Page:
To state a viable § 1983 claim, Plaintiff must establish (1)
that the alleged wrongful conduct was committed by a person
acting under color of state law, and (2) that the conduct
deprived the plaintiff of a right, privilege, or immunity secured
by the Constitution or laws of the United States. Nicini v.
Morra, 212 F.3d 798, 806 (3d Cir. 2000). Both elements must be
present to sustain a § 1983 action, and Plaintiff fails to
satisfy the second.
C. Deliberate Indifference
The Constitutional issue implicated in this case is the Eighth
Amendment requirement that prison officials make reasonable
efforts to assure prisoner health and safety. Farmer v.
Brennan, 511 U.S. 825, 832 (1994). That duty is violated when
prison officials know of and disregard an excessive risk to
inmate health or safety. Id. at 837. In Estelle v. Gamble,
429 U.S. 97 (1976), the prisoner/plaintiff claimed that
inadequate medical treatment violated his Eighth Amendment
protection from cruel and unusual punishment. The Supreme Court
acknowledged that the government has an obligation to provide
adequate care to its prisoners, but held that a constitutional
violation does not occur unless the Plaintiff can show Defendants
had a "deliberate indifference to serious . . . needs of
prisoners" which constitutes "unnecessary and wanton infliction
of pain." Id. at 104 (citation omitted).
Plaintiff alleges that on March 7, 2001, while incarcerated at
SCI-Camp Hill, he signed up to use the exercise yard. When he
arrived in the vestibule, prior to entering the yard, he
requested "a pair of boots because of the snow and ice that was
inside the yard cages. . . ." (Doc. 1 at 5.) Although he was
denied boots and he was denied permission to return to his cell, Plaintiff fails to plead that any of the
Defendants were deliberately indifferent to serious needs which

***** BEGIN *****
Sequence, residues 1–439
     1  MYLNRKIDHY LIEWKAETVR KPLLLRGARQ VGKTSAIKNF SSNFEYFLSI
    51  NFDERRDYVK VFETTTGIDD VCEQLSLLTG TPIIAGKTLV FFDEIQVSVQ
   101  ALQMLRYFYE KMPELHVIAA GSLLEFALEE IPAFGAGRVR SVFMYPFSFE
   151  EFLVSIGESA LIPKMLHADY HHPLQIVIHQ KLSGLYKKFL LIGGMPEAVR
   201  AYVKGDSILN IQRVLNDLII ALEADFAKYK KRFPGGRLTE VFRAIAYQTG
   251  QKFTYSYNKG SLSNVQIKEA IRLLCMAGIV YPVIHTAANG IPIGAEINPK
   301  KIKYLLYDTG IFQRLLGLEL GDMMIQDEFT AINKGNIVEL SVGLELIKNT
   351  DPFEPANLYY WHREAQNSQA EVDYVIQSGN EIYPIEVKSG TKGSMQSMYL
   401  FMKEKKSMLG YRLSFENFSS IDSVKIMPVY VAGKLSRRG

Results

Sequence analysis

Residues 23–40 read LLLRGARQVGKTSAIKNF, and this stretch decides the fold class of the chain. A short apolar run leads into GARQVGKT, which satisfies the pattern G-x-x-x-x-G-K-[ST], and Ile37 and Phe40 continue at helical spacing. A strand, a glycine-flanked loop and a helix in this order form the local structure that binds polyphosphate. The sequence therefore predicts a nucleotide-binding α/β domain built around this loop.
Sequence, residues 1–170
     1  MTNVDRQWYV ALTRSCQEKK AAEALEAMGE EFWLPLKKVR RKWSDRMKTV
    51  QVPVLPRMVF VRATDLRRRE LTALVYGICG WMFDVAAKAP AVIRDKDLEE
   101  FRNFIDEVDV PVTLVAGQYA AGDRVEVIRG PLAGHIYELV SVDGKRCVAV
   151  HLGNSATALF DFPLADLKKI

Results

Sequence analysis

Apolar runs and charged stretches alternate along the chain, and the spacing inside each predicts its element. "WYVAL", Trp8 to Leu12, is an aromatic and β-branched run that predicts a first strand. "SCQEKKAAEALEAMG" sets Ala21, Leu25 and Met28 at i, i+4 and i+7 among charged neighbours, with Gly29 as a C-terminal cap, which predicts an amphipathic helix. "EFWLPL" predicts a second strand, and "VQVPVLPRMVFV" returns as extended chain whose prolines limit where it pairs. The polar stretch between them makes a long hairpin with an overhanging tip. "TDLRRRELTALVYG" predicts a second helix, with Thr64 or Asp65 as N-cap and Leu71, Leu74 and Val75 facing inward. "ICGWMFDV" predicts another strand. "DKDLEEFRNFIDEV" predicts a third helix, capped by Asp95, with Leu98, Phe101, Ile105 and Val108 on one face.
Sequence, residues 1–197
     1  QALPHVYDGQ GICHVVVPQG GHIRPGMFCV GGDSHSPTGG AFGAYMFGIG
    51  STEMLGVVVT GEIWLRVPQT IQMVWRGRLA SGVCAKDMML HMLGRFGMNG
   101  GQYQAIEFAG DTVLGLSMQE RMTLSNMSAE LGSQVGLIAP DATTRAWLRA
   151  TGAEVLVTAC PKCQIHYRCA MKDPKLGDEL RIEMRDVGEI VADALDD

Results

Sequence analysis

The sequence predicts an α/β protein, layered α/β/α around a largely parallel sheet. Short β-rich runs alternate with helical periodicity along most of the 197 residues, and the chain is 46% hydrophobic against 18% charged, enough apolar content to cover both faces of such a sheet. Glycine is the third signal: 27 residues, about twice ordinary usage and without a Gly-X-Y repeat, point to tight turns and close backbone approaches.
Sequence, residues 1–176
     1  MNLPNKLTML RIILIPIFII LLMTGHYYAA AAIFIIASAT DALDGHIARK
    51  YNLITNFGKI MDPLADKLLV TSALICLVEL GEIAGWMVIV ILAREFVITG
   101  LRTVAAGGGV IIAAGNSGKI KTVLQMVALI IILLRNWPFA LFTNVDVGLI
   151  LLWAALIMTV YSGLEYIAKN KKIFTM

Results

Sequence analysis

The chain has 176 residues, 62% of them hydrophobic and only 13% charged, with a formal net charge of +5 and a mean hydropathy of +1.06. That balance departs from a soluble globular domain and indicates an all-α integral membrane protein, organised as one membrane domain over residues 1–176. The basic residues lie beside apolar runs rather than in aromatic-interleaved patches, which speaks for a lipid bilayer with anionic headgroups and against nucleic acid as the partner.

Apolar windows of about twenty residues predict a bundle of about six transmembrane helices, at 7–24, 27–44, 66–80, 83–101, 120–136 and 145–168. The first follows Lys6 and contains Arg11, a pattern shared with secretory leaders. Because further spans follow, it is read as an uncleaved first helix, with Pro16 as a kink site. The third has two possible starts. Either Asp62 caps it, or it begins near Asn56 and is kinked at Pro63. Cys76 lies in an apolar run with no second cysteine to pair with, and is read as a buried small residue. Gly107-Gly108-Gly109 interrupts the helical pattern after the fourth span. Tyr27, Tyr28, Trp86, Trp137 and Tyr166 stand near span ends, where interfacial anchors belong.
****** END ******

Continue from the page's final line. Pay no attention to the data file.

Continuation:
constituted the unnecessary and wanton infliction of pain. To the
contrary, Plaintiff alleges no pain, he does not plead that he
was required to leave the vestibule and enter the snow and ice,
and Plaintiff's complaint does not allege any hardship that would
violate the norms of a civilized society. Although there is no
heightened pleading requirement, Plaintiff's complaint is devoid
of any facts that would constitute unnecessary and wanton
infliction of pain. His allegation of one instance of denial of
boots for the yard does not rise to the level of Constitutional
deprivation sought to be prevented by § 1983. Accordingly,
Plaintiff's remaining count is legally frivolous, and it will be
dismissed under the provisions of 28 U.S.C. § 1915. An
appropriate Order follows. ORDER
NOW, THEREFORE, THIS 9th DAY OF NOVEMBER, 2005, in
accordance with the foregoing memorandum, IT IS HEREBY ORDERED
1. Plaintiff's complaint (Doc. 1) is DISMISSED as
legally frivolous under the provisions of
28 U.S.C. § 1915 and 28 U.S.C. § 1915A.
2. The Clerk of Court is directed to enter judgment
in favor of Defendants and against Plaintiff, and the
Clerk of Court shall mark this case closed.
3. Any appeal from this ...